Effect of different peer information on dynamic optimization decisions

Last registered on December 17, 2021


Trial Information

General Information

Effect of different peer information on dynamic optimization decisions
Initial registration date
December 05, 2021

Initial registration date is when the trial was registered.

It corresponds to when the registration was submitted to the Registry to be reviewed for publication.

First published
December 06, 2021, 10:55 AM EST

First published corresponds to when the trial was first made public on the Registry after being reviewed.

Last updated
December 17, 2021, 12:48 AM EST

Last updated is the most recent time when changes to the trial's registration were published.


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Primary Investigator

The University of Queensland

Other Primary Investigator(s)

PI Affiliation
The University of Queensland
PI Affiliation
The University of Queensland

Additional Trial Information

In development
Start date
End date
Secondary IDs
Prior work
This trial does not extend or rely on any prior RCTs.
This study investigates how different peer information affect individuals' dynamic optimization decisions over repeated lifecycles. We compare individuals who make decisions alone over the lifecycles to the others who receive either a selected peer's decisions only, decisions along with outcome, or decisions along with confidence in a selected sequence. For this purpose, this study uses a simple deterministic decision making environment with no savings or borrowings where an individual's current decisions affect the future outcomes through the utility function. The outcomes of this study would help to identify how and what peer information can be used to nudge individuals in optimal decision making paths.
External Link(s)

Registration Citation

Friesen, Lana, Sembukutti Arachchige Bhagya Niroshini Gunawardena and Kenan Kalayci. 2021. "Effect of different peer information on dynamic optimization decisions." AEA RCT Registry. December 17. https://doi.org/10.1257/rct.8602
Experimental Details


This study provides a selected peer's information for the subjects in treatment groups. The treatments are as follows.
1. Decisions only
2. Decisions with the outcome
3. Decisions with confidence

All the subjects participate in the experiment through the online platform Prolific and the intervention will be undertaken while they are performing the main task.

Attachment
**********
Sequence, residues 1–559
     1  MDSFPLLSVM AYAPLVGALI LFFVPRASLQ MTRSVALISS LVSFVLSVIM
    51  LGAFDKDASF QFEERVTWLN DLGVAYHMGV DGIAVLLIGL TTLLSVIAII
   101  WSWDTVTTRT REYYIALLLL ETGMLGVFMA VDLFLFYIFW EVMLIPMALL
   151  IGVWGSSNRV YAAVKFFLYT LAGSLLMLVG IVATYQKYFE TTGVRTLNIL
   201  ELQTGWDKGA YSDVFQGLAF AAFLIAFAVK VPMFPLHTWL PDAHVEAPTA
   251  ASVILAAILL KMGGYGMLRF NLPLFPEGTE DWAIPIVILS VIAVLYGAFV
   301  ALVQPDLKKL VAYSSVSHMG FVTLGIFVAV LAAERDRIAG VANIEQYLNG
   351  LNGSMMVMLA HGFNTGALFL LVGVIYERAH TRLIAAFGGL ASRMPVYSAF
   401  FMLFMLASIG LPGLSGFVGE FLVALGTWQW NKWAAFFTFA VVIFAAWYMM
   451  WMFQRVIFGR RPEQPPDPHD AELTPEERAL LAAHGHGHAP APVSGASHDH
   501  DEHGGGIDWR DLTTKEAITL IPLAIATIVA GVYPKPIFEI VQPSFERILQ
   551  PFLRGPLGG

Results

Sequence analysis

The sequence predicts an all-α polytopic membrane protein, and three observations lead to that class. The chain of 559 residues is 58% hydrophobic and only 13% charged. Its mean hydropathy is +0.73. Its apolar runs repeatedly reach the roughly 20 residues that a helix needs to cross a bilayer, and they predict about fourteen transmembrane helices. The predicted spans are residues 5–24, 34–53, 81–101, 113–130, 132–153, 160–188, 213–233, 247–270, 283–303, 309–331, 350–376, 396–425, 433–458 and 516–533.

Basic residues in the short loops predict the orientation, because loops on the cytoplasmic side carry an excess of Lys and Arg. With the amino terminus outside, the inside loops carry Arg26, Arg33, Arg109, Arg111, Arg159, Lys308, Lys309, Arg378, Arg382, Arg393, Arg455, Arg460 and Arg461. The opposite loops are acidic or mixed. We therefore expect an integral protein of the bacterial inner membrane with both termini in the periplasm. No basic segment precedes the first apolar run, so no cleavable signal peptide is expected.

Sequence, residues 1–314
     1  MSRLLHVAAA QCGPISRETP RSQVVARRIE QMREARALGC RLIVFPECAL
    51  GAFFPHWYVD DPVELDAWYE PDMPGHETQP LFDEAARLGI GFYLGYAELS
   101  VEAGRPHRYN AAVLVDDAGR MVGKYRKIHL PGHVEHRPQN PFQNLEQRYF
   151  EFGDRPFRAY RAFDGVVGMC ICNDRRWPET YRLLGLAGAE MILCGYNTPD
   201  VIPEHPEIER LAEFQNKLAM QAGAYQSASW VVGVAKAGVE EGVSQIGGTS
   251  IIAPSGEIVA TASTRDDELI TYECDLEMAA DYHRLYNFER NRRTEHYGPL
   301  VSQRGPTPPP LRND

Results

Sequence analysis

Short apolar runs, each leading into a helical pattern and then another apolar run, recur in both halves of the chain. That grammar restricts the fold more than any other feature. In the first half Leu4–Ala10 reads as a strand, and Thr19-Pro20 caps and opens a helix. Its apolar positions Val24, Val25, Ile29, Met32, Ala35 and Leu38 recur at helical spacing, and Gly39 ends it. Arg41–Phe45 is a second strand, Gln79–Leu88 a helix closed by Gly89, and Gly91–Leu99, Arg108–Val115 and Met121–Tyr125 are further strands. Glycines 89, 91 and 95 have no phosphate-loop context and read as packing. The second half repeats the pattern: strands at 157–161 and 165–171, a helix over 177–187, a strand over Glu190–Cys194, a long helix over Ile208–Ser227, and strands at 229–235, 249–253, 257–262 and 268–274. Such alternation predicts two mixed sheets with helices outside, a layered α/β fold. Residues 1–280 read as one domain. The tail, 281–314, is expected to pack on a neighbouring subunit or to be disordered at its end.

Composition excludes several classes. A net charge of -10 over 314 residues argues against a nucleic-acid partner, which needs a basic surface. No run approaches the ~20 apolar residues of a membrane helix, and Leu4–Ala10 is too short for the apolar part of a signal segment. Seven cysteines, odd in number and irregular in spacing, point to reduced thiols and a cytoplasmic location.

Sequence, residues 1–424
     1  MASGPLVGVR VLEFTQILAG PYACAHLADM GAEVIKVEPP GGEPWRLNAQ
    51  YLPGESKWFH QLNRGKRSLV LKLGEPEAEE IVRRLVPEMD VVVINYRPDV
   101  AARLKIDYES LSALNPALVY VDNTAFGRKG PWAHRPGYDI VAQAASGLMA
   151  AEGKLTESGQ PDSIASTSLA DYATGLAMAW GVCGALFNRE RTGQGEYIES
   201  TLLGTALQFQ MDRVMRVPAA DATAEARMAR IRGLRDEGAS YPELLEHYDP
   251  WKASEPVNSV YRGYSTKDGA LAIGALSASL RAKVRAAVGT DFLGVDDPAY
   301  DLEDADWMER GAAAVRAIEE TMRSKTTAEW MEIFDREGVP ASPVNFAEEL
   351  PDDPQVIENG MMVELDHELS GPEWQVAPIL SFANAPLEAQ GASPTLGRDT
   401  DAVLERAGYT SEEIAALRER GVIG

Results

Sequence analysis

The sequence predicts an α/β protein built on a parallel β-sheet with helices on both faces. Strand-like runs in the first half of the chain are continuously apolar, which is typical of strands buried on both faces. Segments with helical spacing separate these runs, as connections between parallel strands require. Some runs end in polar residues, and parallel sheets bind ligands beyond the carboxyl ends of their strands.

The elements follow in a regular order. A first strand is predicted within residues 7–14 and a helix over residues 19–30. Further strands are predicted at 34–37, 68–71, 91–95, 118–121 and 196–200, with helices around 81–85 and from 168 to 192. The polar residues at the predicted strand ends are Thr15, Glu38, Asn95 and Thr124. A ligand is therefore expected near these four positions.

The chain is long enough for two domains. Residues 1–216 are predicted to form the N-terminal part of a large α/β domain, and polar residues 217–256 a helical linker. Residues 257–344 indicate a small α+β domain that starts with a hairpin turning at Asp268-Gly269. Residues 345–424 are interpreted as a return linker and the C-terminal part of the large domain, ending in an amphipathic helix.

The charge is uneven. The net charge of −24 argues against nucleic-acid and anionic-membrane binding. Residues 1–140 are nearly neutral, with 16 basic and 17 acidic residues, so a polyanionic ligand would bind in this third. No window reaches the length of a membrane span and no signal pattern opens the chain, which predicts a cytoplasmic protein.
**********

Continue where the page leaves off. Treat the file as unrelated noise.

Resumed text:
Intervention Start Date
Intervention End Date

Primary Outcomes

Primary Outcomes (end points)
Individuals' earnings in each sequence of the main task and their confidence in earnings
Primary Outcomes (explanation)
The earnings in each sequence are the accumulated difference between the output and cost of input over the periods of each sequence and how these are calculated is explained in detail to the subjects. Confidence is self-reported by the subjects.

Secondary Outcomes

Secondary Outcomes (end points)
Individuals' decisions in each period of repeated lifecycles (sequences), the difference between the optimal decisions and individuals' decisions, and the difference between the myopic decisions and individuals'
Secondary Outcomes (explanation)
Difference between optimal decisions and individuals' decisions: This study calculates the unconditional optimal, myopic and conditional (conditioning on opening stock) optimal and myopic decisions and then the difference between those variables and individuals' actual decisions they made during the experiment.

Experimental Design

Experimental Design
Subjects start with instructions to the main task in which they need to decide how much of their endowment to allocate as input in production. Subjects are informed that this task consists of 5 sequences of decision making, where each sequence consists of 10 periods. At the end of each sequence, subjects need to elicit their confidence about their decision. After the main task of decision making, subjects face two attempts of a task which measures the ability of backward thinking, a risk elicitation task, and a demographic survey. Except for the demographic survey, all the additional tasks are incentivised. At the end of these tasks, subjects receive information on their earnings in each task and total earnings.
Experimental Design Details
Not available
Randomization Method
Randomization is done by the computer program (oTree).
Assuming subjects arrive in the experiment in a random order, the first subject register in the study will be assigned to treatment zero (control), the second subject into treatment one, etc. If a subject drops out before completing the experiment, a new place is opened by the Prolific, and a new subject can register. The treatment for this newly registered subject will be the next treatment from the last treatment. That is, if the last subject (before someone drops out) was assigned to treatment x, then this newly registered subject will be assigned to treatment x+1. The treatments are allocated iteratively (i.e. 0,1,2,3,0,1,...) to minimize treatment imbalance.
Randomization Unit
Was the treatment clustered?

Experiment Characteristics

Sample size: planned number of clusters
500 individuals
Sample size: planned number of observations
500 individuals
Sample size (or number of clusters) by treatment arms
125 per each treatment - cluster is an individual
Minimum detectable effect size for main outcomes (accounting for sample design and clustering)
Supporting Documents and Materials

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Institutional Review Boards (IRBs)

IRB Name
The University of Queensland Human Research Ethics Committees
IRB Approval Date
IRB Approval Number
Analysis Plan

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